oppn parties Why Arouse Passions Over CAA & NRC When It Is The Economy That Demands Immediate And Serious Attention?
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Why Arouse Passions Over CAA & NRC When It Is The Economy That Demands Immediate And Serious Attention?

By Sunil Garodia
First publised on 2019-12-20 20:54:27

About the Author

Sunil Garodia Editor-in-Chief of indiacommentary.com. Current Affairs analyst and political commentator.

The government has listed all it has done till now to revive the economy that is showing increasing signs of a recessionary trend. It has said that it has:

1.       Cleared the bulk of Central government dues to suppliers, along with the dues of 32 large PSUs

2.       Accelerated capital expenditure as proposed in the budget

3.       Cleared the bulk of dues on credits in the GST account of assesses

4.       Reformed the capital debt market

5.       Increased flow of funds from PS banks to customers as well as NBFCs who in turn lend to end-users

6.       Made good progress in bill discounting for the MSME sector

7.       Created mechanisms to shield honest decision making by bank officers so that they are not hounded by the vigilance department or the CBI

8.       Eased access to foreign borrowings by the corporate sector

9.       Eased rules for inflow of portfolio funds

10.   Raised FDI limits as well as simplified and eased them

11.   Improved ease of doing business on several parameters

12.   Amended the IBC to insulate the new management from penal action due to the misdeeds of the previous managements

13.   Raised the threshold for a creditor to invoke bankruptcy

14.   Cut corporate taxes to make them competitive vis-à-vis competing Asian economies

15.   Ensured quick refund of income tax

While these are excellent measures and have contributed in a large way to put money in the system, obviously they are not bringing in the desired results and certainly not at the desired speed. Money has to be pumped in as the present downturn in the economy is largely due to a steep fall in demand for goods and services. All sectors, led by infrastructure (cement, steel and other building materials) and automobile have reported falling sales month after month (though auto sales picked up in October due to the festival season). Factories have reported negative growth in manufacturing for two successive quarters now.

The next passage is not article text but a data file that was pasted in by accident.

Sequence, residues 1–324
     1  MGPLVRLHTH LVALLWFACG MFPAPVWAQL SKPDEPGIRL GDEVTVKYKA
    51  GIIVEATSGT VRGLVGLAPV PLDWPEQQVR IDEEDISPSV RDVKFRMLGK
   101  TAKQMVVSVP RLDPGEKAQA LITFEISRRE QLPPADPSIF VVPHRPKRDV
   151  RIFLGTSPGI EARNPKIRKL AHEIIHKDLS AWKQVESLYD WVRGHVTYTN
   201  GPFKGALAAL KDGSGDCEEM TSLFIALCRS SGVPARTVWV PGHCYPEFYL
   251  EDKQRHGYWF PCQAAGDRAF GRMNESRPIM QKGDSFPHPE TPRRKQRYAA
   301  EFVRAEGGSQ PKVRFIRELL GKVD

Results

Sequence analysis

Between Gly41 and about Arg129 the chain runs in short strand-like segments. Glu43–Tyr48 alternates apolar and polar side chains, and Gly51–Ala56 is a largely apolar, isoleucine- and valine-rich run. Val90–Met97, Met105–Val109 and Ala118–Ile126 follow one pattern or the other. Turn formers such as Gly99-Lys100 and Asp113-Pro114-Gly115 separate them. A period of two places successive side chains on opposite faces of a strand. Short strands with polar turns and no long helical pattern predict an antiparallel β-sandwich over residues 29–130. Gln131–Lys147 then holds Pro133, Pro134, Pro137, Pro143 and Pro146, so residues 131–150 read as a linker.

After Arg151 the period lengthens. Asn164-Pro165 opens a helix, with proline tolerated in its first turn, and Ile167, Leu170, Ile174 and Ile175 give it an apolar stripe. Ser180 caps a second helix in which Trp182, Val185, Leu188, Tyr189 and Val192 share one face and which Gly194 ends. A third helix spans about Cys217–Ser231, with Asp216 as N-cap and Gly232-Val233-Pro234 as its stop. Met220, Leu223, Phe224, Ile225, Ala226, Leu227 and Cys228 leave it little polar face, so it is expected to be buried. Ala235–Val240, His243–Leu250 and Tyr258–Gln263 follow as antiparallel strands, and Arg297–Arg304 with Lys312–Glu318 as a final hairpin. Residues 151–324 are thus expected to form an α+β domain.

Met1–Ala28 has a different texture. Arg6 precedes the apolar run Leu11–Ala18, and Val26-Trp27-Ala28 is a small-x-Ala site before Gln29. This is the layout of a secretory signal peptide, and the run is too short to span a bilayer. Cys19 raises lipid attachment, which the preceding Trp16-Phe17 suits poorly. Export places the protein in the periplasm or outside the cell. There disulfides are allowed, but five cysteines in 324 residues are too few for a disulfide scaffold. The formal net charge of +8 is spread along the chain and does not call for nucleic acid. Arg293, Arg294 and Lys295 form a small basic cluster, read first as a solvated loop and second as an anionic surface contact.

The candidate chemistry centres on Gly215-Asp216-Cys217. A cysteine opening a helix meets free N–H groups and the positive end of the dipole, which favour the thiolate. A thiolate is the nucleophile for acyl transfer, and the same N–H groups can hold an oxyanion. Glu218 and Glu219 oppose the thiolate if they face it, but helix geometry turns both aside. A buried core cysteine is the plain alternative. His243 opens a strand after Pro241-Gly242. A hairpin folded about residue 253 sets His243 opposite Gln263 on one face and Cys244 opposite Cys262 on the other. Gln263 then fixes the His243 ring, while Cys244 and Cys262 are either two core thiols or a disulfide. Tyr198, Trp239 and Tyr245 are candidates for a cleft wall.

This means that if the government is serious about reviving the economy it has to do more. It has to expedite sale of Air India, BPCL and other PSUs. It has to invest the funds in infrastructure projects to give a push to the cement and steel sectors. The downstream effect will be immediate and cascading. The government must also seriously look at reviving the PPP scheme and also the build-operate-transfer mechanism to undertake big projects that it has not been able to start due to the unavailability of funds. Entrepreneurs have the funds but are not investing due to the lack of quality projects and the general damp mood. But if the government proposes big infra projects and partners with the private sector, money, one thinks, will not be a problem.

Then, the government must also think of floating foreign bonds, at least up to 20% of its total borrowing. Foreign sovereign bonds are not risky or incapacitating if they are done with care and in moderation. The government must also raise the limit of foreign portfolio investors investing in government treasury bills from 20 to 30 percent. It should also think of allowing foreign companies and individual investors to invest in such securities. This will allow foreign capital to move in as well as leave local funds for local borrowers, making it less competitive for them to borrow funds.

Finally, the government must seriously look at reviving the economy and talk to all stakeholders. It was good to learn that corporate honchos were finally invited to share their ideas (after Rahul Bajaj and Kiran Majumdar Shaw spoke up) on reviving the economy and their investment plans. The government has created a huge problem for itself by amending the Citizenship Bill in the midst of the economic gloom. As visible across the country, the protests are largely driven by the youth who are disillusioned with the government for not providing jobs and a stable economy. Couple this with rising food inflation and the anger was just waiting to explode. The CAA provided the trigger. The government should have ideally invested its energies in first reviving the economy and then going for contentious issues like the CAA. However, since the deed has now been done, there is no other alternative but to fast track the plans for reviving and bringing the economy back on the rails.